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Hidatsa Chief Drags Wolf


The death of Hidatsa Chief Drags Wolf took place on this date in 1943. Only months before, he had vowed he would die before he watched his people’s land destroyed by the Garrison Dam – and he was true to his word.

Drags Wolf was born in 1862 to Chief Crow Flies High and Peppermint Woman, who were members of the Water Buster Clan. Crow Flies High was a radical chief who – along with others on the Ft. Berthold Reservation – saw his people’s quality of life collapsing. He refused to accept the traditional authority of the medicine bundle holders, and when Drags Wolf was about seven years old, Crow Flies High and Bobtail Bull led the Hushga band away from Like-A-Fishhook Village and went into self-imposed exile near Fort Buford. It wasn’t until Drags Wolf was about 32 that his people were forced to return to the Ft. Berthold Reservation, where they settled primarily in the Shell Creek District.

So it was that Drags Wolf came of age while living in the traditional ways – hunting, trading and growing a few crops. When the band returned to Ft. Berthold, Drags Wolf was already a strong leader – one who many consider to be among the last great Hidatsa chiefs.

It was a time when Native American children were commonly being forced to attend distant boarding schools, where it was intended that they lose their traditional cultures. Yet Drags Wolf was able to convince the Bureau of Indian Affairs to start a day school right there at Shell Creek, so the children could stay in their own community while getting their education.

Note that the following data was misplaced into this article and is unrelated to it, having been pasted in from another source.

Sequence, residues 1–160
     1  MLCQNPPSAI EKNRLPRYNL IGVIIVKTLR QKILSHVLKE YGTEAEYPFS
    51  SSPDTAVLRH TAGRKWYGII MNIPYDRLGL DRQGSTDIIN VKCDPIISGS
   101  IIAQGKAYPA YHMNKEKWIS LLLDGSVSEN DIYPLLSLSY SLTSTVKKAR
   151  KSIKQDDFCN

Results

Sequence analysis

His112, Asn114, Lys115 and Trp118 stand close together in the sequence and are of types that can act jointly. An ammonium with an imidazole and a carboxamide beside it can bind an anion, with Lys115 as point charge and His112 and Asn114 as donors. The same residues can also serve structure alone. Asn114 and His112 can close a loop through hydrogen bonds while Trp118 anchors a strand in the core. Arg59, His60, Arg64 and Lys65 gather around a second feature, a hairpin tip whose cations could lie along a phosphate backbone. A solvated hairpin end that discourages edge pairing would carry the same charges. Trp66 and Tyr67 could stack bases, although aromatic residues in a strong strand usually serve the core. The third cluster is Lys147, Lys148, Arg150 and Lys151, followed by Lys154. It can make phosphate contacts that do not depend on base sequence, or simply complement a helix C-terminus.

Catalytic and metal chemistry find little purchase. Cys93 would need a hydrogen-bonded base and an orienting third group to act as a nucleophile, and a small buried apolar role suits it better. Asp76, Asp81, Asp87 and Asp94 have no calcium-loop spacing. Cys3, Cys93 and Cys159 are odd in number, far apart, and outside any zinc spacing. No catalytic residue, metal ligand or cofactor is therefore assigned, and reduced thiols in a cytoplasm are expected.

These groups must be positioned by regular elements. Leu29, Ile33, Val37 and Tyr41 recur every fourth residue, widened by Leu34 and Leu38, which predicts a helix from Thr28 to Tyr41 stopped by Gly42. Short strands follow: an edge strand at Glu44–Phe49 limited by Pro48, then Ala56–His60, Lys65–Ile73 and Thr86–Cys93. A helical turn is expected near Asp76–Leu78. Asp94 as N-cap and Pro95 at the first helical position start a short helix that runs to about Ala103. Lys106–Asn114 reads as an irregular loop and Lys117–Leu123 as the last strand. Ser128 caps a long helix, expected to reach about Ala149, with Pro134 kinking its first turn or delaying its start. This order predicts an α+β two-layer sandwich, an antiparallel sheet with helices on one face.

The following year, the U.S. Army Corps of Engineers held public hearings in a Ft. Berthold classroom to negotiate ways of dealing with the aftermath of opening the Garrison Dam floodgates. The Pick-Sloan Plan called for a series of five dams on the Upper Missouri that would prove disastrous for the reservation. The tribes’ priceless river-bottom lands, as well as villages and homes, were about to be washed away forever, and tribal members were enraged.

Drags Wolf came to the meeting dressed in traditional regalia and war paint. When talking proved pointless, he said, “You’ll never take me from this land alive!” Lt. General Pick was furious and called the people “belligerently uncooperative.” As the Chief Engineer, Pick left the meeting with a “take it or leave it” attitude.

Drags Wolf left it. Just a few months later, he passed away with his land still firmly under his feet, and his body would later need to be exhumed and moved before the floodwaters advanced.

President Franklin Roosevelt once met Drags Wolf in Washington and later said, “This man Chief Drags Wolf is a wise old man if he only could speak English... oh, what he could do for his people...”

Dakota Datebook written by Merry Helm